The Victorian Government is ensuring the Latrobe Valley’s old coal mines are transformed into safe and stable sites once they retire and result in positive outcomes for the community and region.
Minister for Energy and Resources Lily D’Ambrosio and Minister for Water Harriet Shing today released the first amendment to the Latrobe Valley Regional Rehabilitation Strategy – to better reflect the context for coal mine rehabilitation, build on water access guidance and provide more certainty on the rehabilitation approval pathway.
Since the strategy’s first release in 2020, there has been a significant amount of work on its implementation actions, including technical and environmental studies, to help guide rehabilitation planning from mine operators.
The Government is already implementing a new trailing liabilities scheme, to hold mine operators accountable to their rehabilitation requirements. The regulatory framework has also been strengthened to require mine operators to develop more detailed rehabilitation plans which will ensure more transparent decision making from Government and greater community engagement.
Our transition to renewable energy has accelerated, with two Structured Transition Agreements providing certainty to the energy market and Latrobe Valley community with power stations closures of Yallourn in 2028 and Loy Yang A in 2035.
The amendment allows for Yallourn and Loy Yang A mine operators to apply for surface water access at the same time, meaning the impacts of the projects can be reviewed together. Previously, mine licensees could only apply for water access within five years of their confirmed closure.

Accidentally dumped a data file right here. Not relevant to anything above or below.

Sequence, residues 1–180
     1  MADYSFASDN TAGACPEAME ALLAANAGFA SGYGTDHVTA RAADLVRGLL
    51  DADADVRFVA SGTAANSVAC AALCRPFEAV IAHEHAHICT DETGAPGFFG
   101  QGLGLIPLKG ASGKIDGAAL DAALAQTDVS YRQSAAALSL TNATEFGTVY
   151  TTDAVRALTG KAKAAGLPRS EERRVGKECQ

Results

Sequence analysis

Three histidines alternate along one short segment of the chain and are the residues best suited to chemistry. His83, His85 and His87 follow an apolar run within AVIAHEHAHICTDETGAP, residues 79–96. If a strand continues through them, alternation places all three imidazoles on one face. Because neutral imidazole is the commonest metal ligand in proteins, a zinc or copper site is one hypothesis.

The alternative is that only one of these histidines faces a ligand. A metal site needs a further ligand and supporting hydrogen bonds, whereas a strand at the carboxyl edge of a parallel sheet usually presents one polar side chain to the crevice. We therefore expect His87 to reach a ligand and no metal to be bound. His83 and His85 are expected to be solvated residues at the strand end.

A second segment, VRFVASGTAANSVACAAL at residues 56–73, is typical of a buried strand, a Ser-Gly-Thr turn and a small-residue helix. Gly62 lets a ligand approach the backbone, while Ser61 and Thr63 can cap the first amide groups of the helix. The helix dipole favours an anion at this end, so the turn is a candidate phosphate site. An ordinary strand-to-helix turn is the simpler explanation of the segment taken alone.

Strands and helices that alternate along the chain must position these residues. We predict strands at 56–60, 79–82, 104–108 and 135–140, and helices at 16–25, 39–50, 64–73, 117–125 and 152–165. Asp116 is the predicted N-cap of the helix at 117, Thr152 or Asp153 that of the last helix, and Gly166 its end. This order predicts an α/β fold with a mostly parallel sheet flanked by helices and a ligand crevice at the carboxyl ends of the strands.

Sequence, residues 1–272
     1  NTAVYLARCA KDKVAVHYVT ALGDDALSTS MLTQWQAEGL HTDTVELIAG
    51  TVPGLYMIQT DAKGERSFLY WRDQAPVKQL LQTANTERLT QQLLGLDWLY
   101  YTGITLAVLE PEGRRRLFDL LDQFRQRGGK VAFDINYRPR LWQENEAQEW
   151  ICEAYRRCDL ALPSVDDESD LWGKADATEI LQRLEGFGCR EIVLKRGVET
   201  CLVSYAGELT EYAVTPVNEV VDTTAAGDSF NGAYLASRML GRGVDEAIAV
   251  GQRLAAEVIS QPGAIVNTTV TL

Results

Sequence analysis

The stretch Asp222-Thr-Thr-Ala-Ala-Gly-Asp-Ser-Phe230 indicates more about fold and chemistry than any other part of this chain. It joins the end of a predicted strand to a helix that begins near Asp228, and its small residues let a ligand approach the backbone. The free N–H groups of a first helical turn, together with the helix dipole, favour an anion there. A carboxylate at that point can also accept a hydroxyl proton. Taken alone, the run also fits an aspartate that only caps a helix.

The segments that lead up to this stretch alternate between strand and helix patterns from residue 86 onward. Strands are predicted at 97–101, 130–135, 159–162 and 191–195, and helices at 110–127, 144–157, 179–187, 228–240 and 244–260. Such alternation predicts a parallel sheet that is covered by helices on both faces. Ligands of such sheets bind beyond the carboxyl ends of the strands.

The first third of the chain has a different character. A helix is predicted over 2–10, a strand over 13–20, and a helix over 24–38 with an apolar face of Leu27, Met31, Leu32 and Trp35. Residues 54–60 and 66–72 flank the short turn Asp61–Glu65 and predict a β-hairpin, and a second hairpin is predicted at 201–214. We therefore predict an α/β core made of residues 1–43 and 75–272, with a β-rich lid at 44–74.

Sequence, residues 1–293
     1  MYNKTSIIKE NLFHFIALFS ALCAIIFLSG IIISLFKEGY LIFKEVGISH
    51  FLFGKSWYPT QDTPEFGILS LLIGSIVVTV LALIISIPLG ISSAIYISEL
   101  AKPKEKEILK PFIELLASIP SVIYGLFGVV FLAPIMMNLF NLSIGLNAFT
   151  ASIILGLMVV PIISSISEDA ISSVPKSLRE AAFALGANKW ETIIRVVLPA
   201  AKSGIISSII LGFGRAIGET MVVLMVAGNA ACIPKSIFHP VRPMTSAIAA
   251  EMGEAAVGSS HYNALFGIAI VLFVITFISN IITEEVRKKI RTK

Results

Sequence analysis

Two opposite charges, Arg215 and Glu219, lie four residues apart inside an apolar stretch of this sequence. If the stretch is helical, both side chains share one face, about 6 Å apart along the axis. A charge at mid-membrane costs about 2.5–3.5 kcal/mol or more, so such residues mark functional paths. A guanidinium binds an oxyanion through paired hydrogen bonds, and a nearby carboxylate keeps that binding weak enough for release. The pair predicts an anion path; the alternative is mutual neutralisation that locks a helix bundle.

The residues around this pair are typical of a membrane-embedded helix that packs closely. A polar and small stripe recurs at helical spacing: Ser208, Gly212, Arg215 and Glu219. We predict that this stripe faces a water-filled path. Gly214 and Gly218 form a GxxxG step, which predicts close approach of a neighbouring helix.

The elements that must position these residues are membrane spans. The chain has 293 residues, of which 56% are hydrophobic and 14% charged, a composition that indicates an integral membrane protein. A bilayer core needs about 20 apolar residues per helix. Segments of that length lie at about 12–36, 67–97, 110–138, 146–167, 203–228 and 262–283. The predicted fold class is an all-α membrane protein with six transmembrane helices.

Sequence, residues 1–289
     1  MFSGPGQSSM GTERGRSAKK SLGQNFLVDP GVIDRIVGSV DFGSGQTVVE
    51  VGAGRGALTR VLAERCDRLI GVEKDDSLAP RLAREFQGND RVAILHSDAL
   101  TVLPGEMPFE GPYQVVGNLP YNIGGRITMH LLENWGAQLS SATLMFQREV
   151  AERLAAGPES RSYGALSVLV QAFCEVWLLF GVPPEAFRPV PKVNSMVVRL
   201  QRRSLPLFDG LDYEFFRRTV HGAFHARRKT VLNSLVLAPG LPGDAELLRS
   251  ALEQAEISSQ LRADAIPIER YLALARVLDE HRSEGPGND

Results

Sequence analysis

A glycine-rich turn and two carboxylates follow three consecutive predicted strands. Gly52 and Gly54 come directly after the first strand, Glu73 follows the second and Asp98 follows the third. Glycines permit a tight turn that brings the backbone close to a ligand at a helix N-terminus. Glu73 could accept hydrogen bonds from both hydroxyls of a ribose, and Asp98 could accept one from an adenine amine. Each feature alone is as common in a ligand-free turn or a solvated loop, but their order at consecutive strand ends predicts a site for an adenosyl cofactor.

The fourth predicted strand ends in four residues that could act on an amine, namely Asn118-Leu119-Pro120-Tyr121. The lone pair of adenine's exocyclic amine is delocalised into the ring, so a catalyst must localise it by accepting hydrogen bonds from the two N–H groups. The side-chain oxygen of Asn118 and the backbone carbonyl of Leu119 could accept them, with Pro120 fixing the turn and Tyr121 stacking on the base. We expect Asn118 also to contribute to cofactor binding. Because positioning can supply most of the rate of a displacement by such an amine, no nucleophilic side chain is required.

These new conditions ensure that water access for mine rehabilitation will not diminish the water entitlements of existing water users and values in Gippsland and will mitigate the future impacts of a drying climate.
Following technical studies and stakeholder consultation, the conditions require that any potential access to surface water for mine rehabilitation should be restricted to the wettest times of the year only and avoid impacts to summer and autumn river flows.
Mine licensees will not be allowed to take more than they have historically used. This historical use is about 35% less than the volume of water AGL, Alinta and Energy Australia are currently entitled to access as part of their annual power generation activities at the Yallourn and Loy Yang mines.
The amendment also gives greater certainty about the future of the coal mines, with improved guidance for mine rehabilitation planning in the Latrobe Valley to ensure the community’s safety is maintained throughout mine rehabilitation.
The amendment also includes further details about future opportunities for community and stakeholders to have their say – ensuring the community is well informed and consulted along the way.
Detailed applications and assessments by Government are required before mine rehabilitation begins, ensuring communities understand the potential impacts and opportunities for rehabilitating the mines and have their say, before works are approved.
Page last updated: 19/10/23